Ministers sign off on construction work en route to authorizing Homesh yeshiva

Settlers begin process of moving wildcat outpost off private Palestinian land to make way for its legalization, despite Israeli assurances to Biden that it would not do so

Jacob Magid is The Times of Israel's US bureau chief

Construction equipment clears land for the illegal Homesh outpost on May 25, 2023. (Screen capture/YouTube)
Construction equipment clears land for the illegal Homesh outpost on May 25, 2023. (Screen capture/YouTube)

Settlers on Thursday began readying land in the northern West Bank for the transfer of the wildcat Homesh outpost, which currently sits on private Palestinian land.

The outpost is home to a makeshift yeshiva that settlers for years have sought to legalize into a government-recognized settlement — something that the Netanyahu government this week assured the Biden administration it would not do.

While most of the international community considers all settlements illegal, Israel differentiates between settlement homes built and permitted by the Defense Ministry on land owned by the state, and illegal outposts built without necessary permits, often on private Palestinian land. However, outposts are sometimes established with the state’s tacit approval, and successive governments have sought to legalize at least some of the 100-plus unrecognized communities as a result.

Legalizing the yeshiva requires moving it to an adjacent hilltop, on what Israel considers to be public land. Permits are required to carry out the construction work necessary for that transfer, though settlers did not obtain them before they began operating on Thursday.

A day earlier, settlers sought to move construction equipment onto the northern West Bank hilltop to begin the groundwork, but were blocked by IDF soldiers.

The Samaria Regional Council, which is funding the construction project, then reached out to Defense Minister Yoav Gallant and Finance Minister Bezalel Smotrich — who is also a junior minister in Gallant’s office in charge of settlement affairs — urging them to intervene on the settlers’ behalf, Haaretz reported.

While officials in the security establishment urged the two ministers not to comply, Gallant and Smotrich ultimately sided with the settler municipality.

Last week, IDF Central Command chief Yehuda Fox signed a military order revoking the ban on Israelis entering Homesh, one of four settlements Israel evacuated in 2005 as part of its withdrawal from the Gaza Strip.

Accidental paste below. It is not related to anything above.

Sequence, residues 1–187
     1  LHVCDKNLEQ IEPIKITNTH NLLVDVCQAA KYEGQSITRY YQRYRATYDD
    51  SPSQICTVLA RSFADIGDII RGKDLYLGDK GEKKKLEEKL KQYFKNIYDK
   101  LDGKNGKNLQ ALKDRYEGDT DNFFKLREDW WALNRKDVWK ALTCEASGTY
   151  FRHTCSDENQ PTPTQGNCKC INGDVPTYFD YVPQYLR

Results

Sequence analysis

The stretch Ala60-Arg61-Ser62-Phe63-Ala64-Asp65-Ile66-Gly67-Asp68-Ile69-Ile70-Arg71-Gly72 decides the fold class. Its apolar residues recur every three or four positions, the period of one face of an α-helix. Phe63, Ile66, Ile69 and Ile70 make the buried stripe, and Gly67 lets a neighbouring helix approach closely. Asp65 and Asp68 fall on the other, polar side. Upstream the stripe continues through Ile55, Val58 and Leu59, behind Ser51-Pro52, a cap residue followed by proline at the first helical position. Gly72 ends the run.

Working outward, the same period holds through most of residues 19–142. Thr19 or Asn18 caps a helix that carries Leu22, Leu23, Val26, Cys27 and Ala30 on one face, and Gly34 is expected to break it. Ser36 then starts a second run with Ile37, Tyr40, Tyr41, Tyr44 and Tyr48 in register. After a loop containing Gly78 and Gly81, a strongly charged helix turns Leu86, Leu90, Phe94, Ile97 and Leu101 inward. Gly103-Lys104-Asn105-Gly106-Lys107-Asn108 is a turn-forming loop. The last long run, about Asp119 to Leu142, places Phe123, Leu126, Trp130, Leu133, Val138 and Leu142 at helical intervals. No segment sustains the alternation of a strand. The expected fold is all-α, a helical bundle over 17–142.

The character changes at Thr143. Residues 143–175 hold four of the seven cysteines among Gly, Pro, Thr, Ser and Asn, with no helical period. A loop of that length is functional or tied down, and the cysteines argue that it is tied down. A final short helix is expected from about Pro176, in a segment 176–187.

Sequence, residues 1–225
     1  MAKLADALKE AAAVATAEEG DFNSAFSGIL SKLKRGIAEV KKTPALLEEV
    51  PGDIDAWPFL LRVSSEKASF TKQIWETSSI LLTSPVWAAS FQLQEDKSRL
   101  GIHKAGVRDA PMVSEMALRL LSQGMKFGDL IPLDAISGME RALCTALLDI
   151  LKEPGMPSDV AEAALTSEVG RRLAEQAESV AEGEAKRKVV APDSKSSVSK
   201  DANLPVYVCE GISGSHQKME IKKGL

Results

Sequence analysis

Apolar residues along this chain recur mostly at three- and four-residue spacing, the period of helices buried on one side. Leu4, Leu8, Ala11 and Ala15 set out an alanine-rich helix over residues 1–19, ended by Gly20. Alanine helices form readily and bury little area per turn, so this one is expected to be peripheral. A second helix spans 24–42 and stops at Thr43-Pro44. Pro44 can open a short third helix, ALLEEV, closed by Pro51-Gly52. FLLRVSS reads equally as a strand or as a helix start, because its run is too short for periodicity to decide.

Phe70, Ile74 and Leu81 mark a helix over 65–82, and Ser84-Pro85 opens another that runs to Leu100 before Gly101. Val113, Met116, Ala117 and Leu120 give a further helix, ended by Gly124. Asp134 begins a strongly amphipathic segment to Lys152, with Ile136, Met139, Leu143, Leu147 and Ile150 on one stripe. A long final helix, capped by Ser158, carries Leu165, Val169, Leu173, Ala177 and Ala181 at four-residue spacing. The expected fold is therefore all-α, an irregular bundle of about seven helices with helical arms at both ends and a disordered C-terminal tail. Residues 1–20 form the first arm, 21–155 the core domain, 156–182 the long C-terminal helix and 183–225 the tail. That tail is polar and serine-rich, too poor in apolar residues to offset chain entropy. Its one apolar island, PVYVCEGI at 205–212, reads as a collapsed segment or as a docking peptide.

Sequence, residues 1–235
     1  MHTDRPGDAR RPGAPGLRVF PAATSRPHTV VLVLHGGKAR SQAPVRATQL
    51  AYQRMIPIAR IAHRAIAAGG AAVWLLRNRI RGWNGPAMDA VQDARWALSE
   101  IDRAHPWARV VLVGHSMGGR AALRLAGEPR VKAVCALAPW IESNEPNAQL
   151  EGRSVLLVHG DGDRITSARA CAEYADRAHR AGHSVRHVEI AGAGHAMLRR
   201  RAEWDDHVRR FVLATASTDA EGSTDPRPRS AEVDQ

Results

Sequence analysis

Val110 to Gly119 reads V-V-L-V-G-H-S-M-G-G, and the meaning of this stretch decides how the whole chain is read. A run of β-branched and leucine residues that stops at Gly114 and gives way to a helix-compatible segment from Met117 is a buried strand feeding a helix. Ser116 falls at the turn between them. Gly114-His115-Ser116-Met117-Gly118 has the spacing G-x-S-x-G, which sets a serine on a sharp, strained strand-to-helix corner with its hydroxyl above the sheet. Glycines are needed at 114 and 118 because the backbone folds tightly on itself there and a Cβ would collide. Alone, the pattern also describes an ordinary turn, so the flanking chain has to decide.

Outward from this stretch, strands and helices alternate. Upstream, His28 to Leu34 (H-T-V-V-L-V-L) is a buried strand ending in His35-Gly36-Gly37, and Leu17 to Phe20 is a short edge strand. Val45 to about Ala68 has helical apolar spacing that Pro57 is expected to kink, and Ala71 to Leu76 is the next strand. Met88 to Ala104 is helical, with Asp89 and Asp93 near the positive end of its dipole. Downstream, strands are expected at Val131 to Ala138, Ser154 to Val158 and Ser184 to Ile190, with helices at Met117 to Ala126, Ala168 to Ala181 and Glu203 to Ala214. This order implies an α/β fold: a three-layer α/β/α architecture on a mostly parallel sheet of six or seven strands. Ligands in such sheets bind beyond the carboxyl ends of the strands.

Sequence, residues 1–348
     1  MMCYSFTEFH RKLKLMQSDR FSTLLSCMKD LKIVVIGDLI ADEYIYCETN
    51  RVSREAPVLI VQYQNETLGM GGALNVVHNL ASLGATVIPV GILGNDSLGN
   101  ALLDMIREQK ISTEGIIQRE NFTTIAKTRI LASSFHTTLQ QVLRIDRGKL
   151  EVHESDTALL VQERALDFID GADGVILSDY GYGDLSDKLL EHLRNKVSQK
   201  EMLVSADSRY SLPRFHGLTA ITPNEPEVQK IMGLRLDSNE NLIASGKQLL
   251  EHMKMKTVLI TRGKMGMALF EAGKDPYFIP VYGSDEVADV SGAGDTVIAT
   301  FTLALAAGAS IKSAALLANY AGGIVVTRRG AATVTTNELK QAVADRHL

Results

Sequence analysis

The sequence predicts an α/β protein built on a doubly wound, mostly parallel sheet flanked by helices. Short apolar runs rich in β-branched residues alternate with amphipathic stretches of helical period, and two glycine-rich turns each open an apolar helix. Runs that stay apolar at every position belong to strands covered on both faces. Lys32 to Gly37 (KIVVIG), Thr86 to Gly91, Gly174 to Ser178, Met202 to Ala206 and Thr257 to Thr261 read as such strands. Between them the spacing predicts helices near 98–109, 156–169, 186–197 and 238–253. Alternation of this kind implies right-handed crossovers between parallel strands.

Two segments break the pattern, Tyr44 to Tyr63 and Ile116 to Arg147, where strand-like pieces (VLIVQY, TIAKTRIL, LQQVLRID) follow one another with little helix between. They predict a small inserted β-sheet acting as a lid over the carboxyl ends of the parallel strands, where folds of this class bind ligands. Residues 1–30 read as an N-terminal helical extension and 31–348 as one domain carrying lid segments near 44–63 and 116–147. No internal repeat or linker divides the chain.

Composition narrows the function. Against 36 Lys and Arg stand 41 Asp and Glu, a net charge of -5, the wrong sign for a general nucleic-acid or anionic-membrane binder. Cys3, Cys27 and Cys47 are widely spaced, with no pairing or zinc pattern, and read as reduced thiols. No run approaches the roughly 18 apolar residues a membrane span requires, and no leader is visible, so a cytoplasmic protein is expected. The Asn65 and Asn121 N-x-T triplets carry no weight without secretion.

Even before that decision, the hilltop enjoyed a near-daily presence of Israelis, who the IDF has allowed to enter the area every morning to study at a makeshift yeshiva.

The High Court of Justice has recognized that the Homesh yeshiva sits on private Palestinian land, but the army has yet to allow Palestinian farmers to regularly return to their lands there.

The coalition supports legalizing Homesh, and it successfully passed legislation in March allowing the resettlement of the four northern West Bank settlements evacuated in 2005. The next step in that legalization process was the military order signed by Fox last week.

The US State Department called the move “inconsistent with both former Prime Minister Sharon’s written commitment to the Bush Administration in 2004 and the current Israeli government’s commitments to the Biden Administration.”

Israeli soldiers block the entrance to the illegal Homesh West Bank settlement outpost, May 28, 2022. (Nasser Ishtayeh/Flash90)

Then-prime minister Ariel Sharon sent then-US president George W. Bush a letter some 20 years ago in which the premier committed to evacuating the four northern West Bank settlements in order to make room for more Palestinian territorial contiguity in the area. In exchange, Bush would go on to offer his own written recognition of the need for land swaps in a future peace deal between Israelis and Palestinians, allowing the so-called settlement blocs closer to the Green Line to remain under Israeli control.

For its part, the Netanyahu government has argued that the Obama administration was the first to dismiss the Sharon-Bush exchanges, by rejecting a notion that the US was willing to differentiate between the blocs and settlements located deep in the West Bank.

But the Sunday statement from the State Department also pointed to Israeli commitments to the current administration, which ostensibly referred to Jerusalem’s agreement at regional conferences in February and March to halt West Bank expansion — specifically a four-month moratorium on discussing new settlement units and a six-month freeze on okaying new outposts.

“Advancing Israeli settlements in the West Bank is an obstacle to the achievement of a two-state solution,” the US statement added.

Prime Minister Benjamin Netanyahu’s aides have privately told their Israeli counterparts that Jerusalem insisted that there are no plans to establish a new settlement in Homesh, according to an Israeli official who confirmed a Walla news site report on the matter.

The Netanyahu aides have sought to explain that the reason for the military order is to commence the process of moving the outpost off of Palestinian land to a different location nearby.

Such a rationale is unlikely to sway the Biden administration, which fundamentally opposes Israeli expansion in the West Bank, regardless of whether the land in question is considered public or private.

Walla said Netanyahu aides have told the Biden administration that the military order was also necessary due to political pressure the premier is facing from his far-right coalition partners — another point unlikely to move the US.

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